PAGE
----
I'm guessing that 8"SCT is f10, 2000MM focal length. For EAA as they call it now, you will need a large APS-C sensor camera for a good FOV. Does your scope have a finder scope?? Can an astro camera be fitted to it?? Another option is a dovetail plate on top of the 8" scope and a small refractor 60MM or large finder scope that can accept 1.25 eyepieces. Put a ZWO 178 or similar camera in back.
Typically, what you want to do is done with smaller equipment. A 60MM to 115 refractor and an astro camera, uncooled. a little Ioptron Sky tracker mount. Or full blown, nice scope, refractor / RASA, nice HD mount and camera to match.
I do not know how stable your mount is, this is why I recommended the large finder scopes and a ZWO 178 camera. You may be able to do eyepiece projection with an astro camera. I have never done that so I do not know if you would need a large or small sensor camera.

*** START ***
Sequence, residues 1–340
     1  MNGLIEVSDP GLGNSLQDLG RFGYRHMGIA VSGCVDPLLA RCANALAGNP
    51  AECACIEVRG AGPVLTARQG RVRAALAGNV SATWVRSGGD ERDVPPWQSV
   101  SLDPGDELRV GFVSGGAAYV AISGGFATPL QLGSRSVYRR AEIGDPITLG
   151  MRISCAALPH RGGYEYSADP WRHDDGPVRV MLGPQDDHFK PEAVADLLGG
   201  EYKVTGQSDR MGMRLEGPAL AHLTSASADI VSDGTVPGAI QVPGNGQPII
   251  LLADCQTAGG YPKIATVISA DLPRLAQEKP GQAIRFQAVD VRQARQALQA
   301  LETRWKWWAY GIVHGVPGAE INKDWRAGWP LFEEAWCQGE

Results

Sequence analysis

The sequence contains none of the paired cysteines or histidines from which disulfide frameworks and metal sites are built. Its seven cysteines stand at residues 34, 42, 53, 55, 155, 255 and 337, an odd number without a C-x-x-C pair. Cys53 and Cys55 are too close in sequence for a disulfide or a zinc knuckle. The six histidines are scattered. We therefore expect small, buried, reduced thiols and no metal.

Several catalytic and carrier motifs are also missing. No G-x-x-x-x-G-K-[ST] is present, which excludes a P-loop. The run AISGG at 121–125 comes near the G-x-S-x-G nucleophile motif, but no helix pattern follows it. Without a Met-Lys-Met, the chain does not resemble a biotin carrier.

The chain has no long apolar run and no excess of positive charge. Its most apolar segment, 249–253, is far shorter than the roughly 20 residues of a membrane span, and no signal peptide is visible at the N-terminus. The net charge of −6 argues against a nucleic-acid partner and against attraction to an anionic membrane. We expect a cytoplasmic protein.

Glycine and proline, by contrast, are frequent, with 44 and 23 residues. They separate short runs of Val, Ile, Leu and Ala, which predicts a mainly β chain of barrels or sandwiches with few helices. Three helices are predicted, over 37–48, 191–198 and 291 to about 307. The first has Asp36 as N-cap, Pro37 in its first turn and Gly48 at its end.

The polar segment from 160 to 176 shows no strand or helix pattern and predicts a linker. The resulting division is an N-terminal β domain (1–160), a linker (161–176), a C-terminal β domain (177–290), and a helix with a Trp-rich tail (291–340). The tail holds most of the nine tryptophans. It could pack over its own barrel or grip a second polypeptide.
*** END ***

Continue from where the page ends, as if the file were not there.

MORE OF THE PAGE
Go to Astronomy Tools and check out their FOV calculator. Lots of cameras and scopes to choose from.
Back in that day aperture was king, it still is, but with the new cameras of today you do not need big scopes to see anymore. I was there, two maksutovs and a C14. Now two refractors, 92MM and a 76MM. I have a ZWO 178 mono camera that I do Live stacking with. In a few images you can see galaxies, nebula, anything that is a smudge in the eyepiece comes to life in a camera. I'm still old school, you can see the Moon and planets through the camera, but I like my eyepieces better.
I'm sure a lot of people will chime in. Joe